Labor History

March 10

U.S. Supreme Court upholds espionage conviction of labor leader and socialist Eugene V. Debs. Debs was jailed for speaking out against World War I. Campaigning for president from his Atlanta jail cell, he won 6 percent of the vote – 19192014.03.10history-strike-bookcover

New York City bus drivers, members of the Transport Workers Union, go on strike. After 12 days of no buses—and a large show of force by Irish-American strikers at the St. Patrick’s Day parade—Mayor Fiorello La Guardia orders arbitration – 1941
(Reviving the Strike: How Working People can Regain Power and Transform America: If the American labor movement is to rise again, the author says, it will not be as a result of electing Democrats, the passage of legislation, or improved methods of union organizing. Rather, workers will need to rediscover the power of the strike. Not the ineffectual strike of today, where employees meekly sit on picket lines waiting for scabs to take their jobs, but the type of strike capable of grinding industries to a halt—the kind employed up until the 1960s.)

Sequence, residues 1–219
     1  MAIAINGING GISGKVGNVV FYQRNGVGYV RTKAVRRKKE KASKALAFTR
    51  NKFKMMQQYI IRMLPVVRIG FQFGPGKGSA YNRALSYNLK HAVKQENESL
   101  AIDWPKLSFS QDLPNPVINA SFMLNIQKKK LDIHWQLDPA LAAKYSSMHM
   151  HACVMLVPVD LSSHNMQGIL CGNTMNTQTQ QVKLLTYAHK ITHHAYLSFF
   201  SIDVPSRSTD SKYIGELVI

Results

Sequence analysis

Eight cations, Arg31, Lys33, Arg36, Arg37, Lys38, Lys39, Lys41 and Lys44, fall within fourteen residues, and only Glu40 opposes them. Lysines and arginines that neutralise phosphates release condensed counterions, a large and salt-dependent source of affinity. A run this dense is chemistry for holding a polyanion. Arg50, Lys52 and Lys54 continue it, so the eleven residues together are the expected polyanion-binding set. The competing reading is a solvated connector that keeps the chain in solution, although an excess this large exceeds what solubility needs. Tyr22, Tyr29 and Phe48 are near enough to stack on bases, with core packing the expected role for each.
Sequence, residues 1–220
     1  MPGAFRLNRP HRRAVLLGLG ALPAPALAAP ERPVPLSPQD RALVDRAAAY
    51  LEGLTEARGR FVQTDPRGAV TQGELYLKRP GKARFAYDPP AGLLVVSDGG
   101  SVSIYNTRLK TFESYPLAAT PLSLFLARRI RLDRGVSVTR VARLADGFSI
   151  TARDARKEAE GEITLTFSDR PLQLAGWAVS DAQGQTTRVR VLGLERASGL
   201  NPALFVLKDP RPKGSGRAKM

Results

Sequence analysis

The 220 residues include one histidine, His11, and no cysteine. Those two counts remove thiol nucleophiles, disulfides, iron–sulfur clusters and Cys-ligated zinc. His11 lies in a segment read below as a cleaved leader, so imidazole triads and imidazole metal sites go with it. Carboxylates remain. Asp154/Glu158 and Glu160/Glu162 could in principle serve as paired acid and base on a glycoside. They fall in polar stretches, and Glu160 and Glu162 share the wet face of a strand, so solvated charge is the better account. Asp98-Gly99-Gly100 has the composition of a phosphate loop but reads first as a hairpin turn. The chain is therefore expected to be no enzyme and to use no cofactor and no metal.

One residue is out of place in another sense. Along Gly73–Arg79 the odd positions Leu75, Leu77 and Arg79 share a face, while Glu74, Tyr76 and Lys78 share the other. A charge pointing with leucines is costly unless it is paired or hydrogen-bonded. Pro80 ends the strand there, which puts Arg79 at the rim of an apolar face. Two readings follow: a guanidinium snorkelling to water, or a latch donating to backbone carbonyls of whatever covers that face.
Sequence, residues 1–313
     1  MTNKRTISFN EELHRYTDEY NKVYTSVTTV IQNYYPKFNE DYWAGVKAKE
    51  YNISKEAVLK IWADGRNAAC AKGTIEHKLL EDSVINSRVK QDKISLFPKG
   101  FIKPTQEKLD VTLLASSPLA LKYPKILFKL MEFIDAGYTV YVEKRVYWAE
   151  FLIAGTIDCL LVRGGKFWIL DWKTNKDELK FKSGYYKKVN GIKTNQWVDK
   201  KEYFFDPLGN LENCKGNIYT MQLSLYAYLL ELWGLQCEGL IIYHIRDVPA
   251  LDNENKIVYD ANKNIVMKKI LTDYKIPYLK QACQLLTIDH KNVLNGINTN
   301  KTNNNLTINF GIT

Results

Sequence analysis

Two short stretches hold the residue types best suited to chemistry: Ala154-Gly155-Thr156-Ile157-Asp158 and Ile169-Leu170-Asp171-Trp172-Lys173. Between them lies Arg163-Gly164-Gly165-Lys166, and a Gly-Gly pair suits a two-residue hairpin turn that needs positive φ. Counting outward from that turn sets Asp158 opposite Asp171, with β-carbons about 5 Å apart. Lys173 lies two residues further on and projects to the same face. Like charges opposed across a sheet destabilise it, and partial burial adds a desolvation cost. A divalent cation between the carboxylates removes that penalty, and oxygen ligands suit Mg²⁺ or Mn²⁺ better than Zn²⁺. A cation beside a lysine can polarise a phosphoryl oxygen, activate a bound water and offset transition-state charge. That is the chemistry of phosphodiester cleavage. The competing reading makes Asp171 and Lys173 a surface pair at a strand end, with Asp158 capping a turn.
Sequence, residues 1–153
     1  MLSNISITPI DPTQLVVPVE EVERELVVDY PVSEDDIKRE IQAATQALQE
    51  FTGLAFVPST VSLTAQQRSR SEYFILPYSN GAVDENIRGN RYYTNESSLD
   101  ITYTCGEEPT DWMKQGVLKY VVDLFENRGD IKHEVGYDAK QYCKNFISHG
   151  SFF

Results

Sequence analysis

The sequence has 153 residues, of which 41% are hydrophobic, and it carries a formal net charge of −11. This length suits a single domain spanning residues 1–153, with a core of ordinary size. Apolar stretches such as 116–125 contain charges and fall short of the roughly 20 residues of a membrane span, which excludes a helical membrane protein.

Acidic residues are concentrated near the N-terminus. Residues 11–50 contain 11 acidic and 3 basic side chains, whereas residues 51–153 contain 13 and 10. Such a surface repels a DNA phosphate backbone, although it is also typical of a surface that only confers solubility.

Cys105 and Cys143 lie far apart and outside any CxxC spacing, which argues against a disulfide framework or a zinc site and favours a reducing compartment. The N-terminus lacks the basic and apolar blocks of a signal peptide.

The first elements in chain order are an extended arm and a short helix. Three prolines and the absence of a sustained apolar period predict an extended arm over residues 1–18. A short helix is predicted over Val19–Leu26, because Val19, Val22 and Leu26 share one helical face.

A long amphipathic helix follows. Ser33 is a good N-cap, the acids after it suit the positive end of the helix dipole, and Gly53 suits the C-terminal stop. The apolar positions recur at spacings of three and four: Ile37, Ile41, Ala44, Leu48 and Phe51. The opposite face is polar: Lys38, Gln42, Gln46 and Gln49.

United Farm Workers leader César Chávez breaks a 24-day fast, by doctor’s order, at a mass in Delano, California’s public park. Several thousand supporters are at his side, including Sen. Robert Kennedy. Chavez called it “a fast for non-violence and a call to sacrifice” – 1968

2014.03.10history-luddites-smashing-machinesMarch 11

Luddites smash 63 “labor saving” textile machines near Nottingham, England – 1811

Fabled railroad engineer John Luther “Casey” Jones born in southeast Missouri. A member of the Railroad Engineers, he was the sole fatality in a wreck near Vaughan, Miss., on April 29, 1900. His skill and heroics prevented many more deaths – 1863

Transport Workers Union members at American Airlines win 11-day national strike, gaining what the union says was the first severance pay clause in industry – 1950

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